El 19 Digital: Scientists find more than 1,500 archaeological artefacts on the route of the Grand Canal of Nicaragua
By: Kenneth Chávez
A large team of scientists contracted by HKND Group found more than 1,500 archaeological artefacts in Brito (Rivas), part of the route where the pre-construction phrase of the Interoceanic Grand Canal has initiated.
Bill Wild, the Chief Project Advisor, explained that these historical pieces, dating back to 700 to 1550 A.D., were found by geographers and geologists hired by the Chinese concessionaire.
He explained that this archaeological survey in the area of Rivas has been one of the main requirements of the ESIA study, carried out by the British company ERM.
He indicated that this excavation work is being supported by students and professors from the National Autonomous University of Nicaragua (UNAN-Managua), and two of the best archaeologists of the country.
"It is pre-construction archaeology. What we do is performing a study in detail of this area, where artefacts have been identified. These artefacts will become part of the cultural heritage of Nicaragua," he said.
The Chief Advisor affirmed that once the main excavations are carried out in this area for the construction of the Grand Canal, other important pieces will be collected.
The US scientist, Patrick Werner, said that in Brito area, the archaeological survey has been carried out on the superficies of 1.3 hectares, where 22 exploratory pits were dug.
"It is a scientific work, with survey of 3 centimeters per layer. We have found interesting things. Under 40 centimeters, we found essential pieces; pottery, sea stones, Luna polychrome," he detailed.
The historian and archaeologist said that these pieces could not have been rescued, if it were not for the execution of the construction of the Nicaragua Interoceanic Grand Canal, mega-project promoted by the government of President Daniel Ortega and Rosario Murillo.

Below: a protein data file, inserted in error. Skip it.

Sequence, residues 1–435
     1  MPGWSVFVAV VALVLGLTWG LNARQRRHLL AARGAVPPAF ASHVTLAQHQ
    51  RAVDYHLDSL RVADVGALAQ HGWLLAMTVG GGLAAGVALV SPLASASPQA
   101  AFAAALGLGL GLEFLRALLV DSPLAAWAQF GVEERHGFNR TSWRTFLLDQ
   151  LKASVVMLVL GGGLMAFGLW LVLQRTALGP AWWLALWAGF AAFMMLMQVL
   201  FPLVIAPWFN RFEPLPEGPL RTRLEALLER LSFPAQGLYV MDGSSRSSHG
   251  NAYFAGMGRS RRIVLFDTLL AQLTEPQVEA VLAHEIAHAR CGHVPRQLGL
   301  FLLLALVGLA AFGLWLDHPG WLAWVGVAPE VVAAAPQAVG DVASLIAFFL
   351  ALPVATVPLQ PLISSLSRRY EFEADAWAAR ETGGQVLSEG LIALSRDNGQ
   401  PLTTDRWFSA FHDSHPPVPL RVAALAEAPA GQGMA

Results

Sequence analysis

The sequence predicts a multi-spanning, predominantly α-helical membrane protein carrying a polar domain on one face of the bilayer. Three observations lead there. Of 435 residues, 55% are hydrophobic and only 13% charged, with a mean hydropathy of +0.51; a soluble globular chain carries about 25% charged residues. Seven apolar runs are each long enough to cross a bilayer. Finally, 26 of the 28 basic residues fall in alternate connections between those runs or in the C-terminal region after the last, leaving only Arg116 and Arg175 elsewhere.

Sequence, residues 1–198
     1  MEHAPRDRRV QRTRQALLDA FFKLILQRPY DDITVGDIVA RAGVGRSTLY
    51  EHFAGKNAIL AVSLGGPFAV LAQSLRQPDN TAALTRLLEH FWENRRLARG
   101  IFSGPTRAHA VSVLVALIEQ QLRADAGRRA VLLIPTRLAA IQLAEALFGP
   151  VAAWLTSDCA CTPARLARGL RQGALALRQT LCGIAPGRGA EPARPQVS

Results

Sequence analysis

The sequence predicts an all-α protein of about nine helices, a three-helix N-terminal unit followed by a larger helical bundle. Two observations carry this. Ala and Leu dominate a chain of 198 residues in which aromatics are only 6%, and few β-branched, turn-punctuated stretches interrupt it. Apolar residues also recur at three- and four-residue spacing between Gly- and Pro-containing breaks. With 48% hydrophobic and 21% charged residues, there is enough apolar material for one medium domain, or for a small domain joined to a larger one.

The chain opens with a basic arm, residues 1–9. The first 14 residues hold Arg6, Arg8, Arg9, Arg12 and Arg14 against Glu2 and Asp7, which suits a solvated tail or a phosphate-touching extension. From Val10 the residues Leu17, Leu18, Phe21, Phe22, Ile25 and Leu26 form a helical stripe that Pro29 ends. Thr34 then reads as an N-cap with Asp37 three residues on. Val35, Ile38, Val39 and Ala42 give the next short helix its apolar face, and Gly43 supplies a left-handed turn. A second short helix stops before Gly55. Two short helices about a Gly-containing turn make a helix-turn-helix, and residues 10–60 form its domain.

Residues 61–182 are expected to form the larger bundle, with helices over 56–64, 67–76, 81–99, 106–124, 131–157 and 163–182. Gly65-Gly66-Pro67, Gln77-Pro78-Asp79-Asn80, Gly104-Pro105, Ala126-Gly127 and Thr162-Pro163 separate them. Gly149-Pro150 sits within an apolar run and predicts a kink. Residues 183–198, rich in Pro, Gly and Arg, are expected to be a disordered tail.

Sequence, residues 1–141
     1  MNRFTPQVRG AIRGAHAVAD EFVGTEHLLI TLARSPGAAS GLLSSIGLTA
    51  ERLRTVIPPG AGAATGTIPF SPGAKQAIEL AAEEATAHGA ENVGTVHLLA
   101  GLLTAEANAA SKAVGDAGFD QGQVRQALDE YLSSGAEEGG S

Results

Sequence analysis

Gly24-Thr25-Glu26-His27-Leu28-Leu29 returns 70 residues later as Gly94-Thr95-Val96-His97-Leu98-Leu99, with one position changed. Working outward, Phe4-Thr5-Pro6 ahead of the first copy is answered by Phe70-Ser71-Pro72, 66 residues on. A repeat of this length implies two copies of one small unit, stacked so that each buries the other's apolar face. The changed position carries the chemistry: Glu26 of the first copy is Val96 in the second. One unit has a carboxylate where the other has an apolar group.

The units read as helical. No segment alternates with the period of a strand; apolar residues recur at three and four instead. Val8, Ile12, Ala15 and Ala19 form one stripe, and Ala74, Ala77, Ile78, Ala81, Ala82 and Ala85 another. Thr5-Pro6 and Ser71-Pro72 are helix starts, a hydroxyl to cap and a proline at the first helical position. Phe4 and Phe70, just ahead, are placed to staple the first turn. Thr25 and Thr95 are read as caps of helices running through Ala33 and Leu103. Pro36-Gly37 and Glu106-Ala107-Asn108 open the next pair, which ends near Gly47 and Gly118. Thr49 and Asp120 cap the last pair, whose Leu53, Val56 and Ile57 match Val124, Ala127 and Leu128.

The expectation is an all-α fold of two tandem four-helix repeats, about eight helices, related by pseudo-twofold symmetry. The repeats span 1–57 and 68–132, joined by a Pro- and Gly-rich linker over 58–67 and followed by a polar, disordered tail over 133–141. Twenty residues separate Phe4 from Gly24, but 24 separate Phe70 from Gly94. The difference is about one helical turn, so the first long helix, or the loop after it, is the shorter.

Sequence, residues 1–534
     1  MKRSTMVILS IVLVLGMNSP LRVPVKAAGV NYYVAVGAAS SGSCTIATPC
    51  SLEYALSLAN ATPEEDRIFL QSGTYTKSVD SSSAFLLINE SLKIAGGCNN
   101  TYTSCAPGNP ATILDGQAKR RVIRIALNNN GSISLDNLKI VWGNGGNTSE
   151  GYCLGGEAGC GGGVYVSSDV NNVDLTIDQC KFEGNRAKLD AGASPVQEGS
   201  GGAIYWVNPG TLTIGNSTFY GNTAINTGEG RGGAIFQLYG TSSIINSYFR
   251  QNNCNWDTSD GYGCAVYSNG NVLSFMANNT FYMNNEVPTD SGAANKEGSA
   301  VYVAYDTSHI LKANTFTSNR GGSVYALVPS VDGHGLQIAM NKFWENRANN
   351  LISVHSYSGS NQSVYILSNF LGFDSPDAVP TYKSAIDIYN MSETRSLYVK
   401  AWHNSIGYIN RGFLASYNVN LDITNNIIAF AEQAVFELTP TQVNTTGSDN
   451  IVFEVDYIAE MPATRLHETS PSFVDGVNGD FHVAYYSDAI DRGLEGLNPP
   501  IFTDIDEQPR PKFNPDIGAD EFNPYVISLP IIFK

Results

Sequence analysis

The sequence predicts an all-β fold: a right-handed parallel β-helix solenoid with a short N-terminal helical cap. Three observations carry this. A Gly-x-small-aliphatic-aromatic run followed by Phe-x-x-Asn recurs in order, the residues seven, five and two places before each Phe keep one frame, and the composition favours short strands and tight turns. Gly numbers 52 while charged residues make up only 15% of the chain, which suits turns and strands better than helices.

"We are managing a team of prospectors, and we are conducting archaeological protection throughout the area. We have located 16 archaeological sites of high density, some are off the route of the Grand Canal and others within it," he affirmed.
The scientist found that most of these archaeological pieces are part of funerary sites, or where the Nicaraos or Chorotegas carried out burials.
The professor from UNAN-Managua, Leonardo Lechado, who is also part of the research team, explained that exploration has been conducted in the mangroves part in Brito, where there are small hills and slopes, with a high density of archaeological material.
"There is a level of deterioration on these slopes. We have found pottery material, lithic artefacts, and shells. The chronology presented by the materials, reflect to us of 500 years before Christ, until 1550 after Christ, when the Spaniards came to these lands," he added.
Lechado expressed that being able to work on this project of the Grand Canal has been of utmost importance for many Nicaraguan professionals, taking into account the high costs to conduct these studies, and HKND is providing all the conditions.
Telémaco Talavera, from the national Interoceanic Grand Canal Commission, said these findings are important, as it is rescuing our history through the work with high scientific approach.
"This is part of the comprehensive results of this great work of transformation, which is not only economic, social and engineering, but also cultural," he said.
Talavera stressed that during this pre-construction period of the Grand Canal, employment opportunities are being produced significantly in the area, thus, families in Brito are happy with this effort.
The spokesman of this megaproject informed that HKND will deliver these over 1,500 archaeological artefacts to the government of President Daniel Ortega, which will become part of the Historical and Cultural Heritage of Nicaragua.